Department Head, Sociology
Professor of Sociology and Asian and Asian American Studies
PhD, 1990, Sociology, Washington University, USA
MSW, 1982, Bombay University, India
BSc, 1978, Microbiology, Bombay University, India
Spring 2020 Course(s):
SOCI 5003 – 001: Teaching Sociology
Manisha Desai is Professor of Sociology and Asian and Asian American Studies at the University of Connecticut. Committed to decolonizing knowledge and social justice, her research and teaching interests include Gender and Globalization, Transnational Feminisms and women’s movements, Human Rights movements, and Contemporary Indian Society.
Currently, she’s completing a book manuscript on the Changing Dynamics of Four Decades of Women’s Movements in India. Based on eight months of field research in Maharashtra, India, funded by the American Institute of India Studies Senior Research Fellowship, this work examines the changing understanding of gender-based violence and justice, the new actors including LGBTKQHI who are also working on these issues, and the relationships among the various actors and the Brahmanic, neoliberal state.
Additionally, she’s writing about Dalit activists who were part of the Satya Shodak Samaj (Truth Seekers Society) and their contributions to feminist theory in particular and social theory in general.
Her most recent book is Subaltern Movements in India: The Gendered Geography of struggle Against Neoliberal Development (Routledge 2016). Based on nine months of ethnographic research, funded by Fulbright Hays Faculty Research Abroad Fellowship, she analyzes three subaltern movements by adivasis (indigenous people), farmers, and fishers against “development by dispossession.” She shows that the movements succeeded because of the deepening of democracy in India, albeit in tandem with coercive state initiatives, but gender remains a challenge for the movements, the state, and social theory. Drawing upon innovative perspectives in social-legal studies, critical geography, and feminist studies she defines several new concepts to show how ongoing relationships among various local fields of protest enabled activists and advocates to use legalism from below to exploit the changing legal architecture of the Indian state and to win substantial victories for subaltern groups.
Among her other books are: Gender, Family, and Law in a Globalizing Middle East and South Asia (co-edited with Ken Cuno, 2010, Syracuse University Press); Gender and the Politics of Possibilities: Rethinking Globalization (2008, Rowman and Littlefield) and Women’s Activism and Globalization: Linking Local Struggles to Transnational Politics (co-edited with Nancy Naples, 2002, Routledge).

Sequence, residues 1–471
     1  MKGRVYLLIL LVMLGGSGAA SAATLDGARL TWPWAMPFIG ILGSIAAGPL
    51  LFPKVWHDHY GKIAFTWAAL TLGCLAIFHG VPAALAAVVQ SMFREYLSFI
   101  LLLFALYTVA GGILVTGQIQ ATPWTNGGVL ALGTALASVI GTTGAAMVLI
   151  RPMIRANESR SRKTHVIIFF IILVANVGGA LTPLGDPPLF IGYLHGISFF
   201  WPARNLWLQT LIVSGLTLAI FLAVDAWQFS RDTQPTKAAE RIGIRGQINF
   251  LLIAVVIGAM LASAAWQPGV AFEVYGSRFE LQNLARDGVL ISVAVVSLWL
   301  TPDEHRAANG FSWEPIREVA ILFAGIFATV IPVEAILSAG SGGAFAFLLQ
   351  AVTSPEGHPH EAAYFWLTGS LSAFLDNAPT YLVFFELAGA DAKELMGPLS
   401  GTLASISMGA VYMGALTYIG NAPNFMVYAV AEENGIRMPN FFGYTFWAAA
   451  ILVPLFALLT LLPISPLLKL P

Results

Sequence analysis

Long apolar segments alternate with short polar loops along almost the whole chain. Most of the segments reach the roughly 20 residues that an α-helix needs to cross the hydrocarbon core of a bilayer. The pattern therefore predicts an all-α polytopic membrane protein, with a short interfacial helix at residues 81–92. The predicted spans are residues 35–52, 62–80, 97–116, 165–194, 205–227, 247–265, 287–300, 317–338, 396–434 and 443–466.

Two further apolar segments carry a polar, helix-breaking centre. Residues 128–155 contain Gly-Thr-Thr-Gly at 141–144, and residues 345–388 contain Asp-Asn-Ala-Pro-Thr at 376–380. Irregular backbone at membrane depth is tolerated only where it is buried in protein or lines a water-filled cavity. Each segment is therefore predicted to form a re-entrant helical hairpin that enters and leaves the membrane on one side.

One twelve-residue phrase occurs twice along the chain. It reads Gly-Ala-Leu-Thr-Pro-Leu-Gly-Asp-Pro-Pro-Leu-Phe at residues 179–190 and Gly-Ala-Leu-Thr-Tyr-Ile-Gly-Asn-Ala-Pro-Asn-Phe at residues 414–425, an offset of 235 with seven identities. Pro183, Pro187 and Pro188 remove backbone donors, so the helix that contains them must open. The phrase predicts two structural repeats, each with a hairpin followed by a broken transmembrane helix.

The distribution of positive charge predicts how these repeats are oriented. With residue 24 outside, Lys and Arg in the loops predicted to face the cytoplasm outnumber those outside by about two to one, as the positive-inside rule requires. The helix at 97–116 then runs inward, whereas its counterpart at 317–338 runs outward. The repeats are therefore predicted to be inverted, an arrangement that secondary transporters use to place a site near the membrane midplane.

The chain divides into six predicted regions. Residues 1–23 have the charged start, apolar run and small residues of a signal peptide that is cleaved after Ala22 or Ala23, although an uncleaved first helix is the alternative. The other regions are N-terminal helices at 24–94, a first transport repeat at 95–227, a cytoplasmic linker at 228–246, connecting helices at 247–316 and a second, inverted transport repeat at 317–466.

She was the 2015 Sociologist for Women in Society’s (SWS) Distinguished Feminist Lecturer, an award that recognizes a body of feminist scholarship that has made important contributions to further our understanding of Gender. She has held several elected offices in the International Sociological Association, American Sociological Association and SWS, including President of SWS in 2007, and served on numerous editorial boards including American Sociological Review and the International Feminist Journal of Politics.
Her commitment in all these offices has been to bring in voices from the Global South and marginalized communities in the Global North to engage in a critical public sociology that is centered around social justice and a critical human rights perspective. For example, as President of Sociologists for Women in Society, she organized the annual winter meeting in post-Katrina New Orleans and brought together local African American, Huma Indian, and Vietnamese activists working for justice with women activists from India, Nicaragua, and Florida who had worked in post-disaster situations to share knowledge and experiences of rehabilitation when natural disasters reinforce existing social inequalities.
As a scholar activist, she has been involved in advocacy and activism around social and gender justice issues at the United Nations, as SWS’s Representative to its Economic and Social Council, at the World Social Forum, and US Social Forum, among other sites. She serves on the Everywoman Everywhere Committee, https://everywoman.org, that has launched a Global Treaty on Violence Against Women.
Committed to buen vivir, she’s also a trained yoga teacher and practitioner as well as a trained Indian classical dancer in the Bharat Natyam style.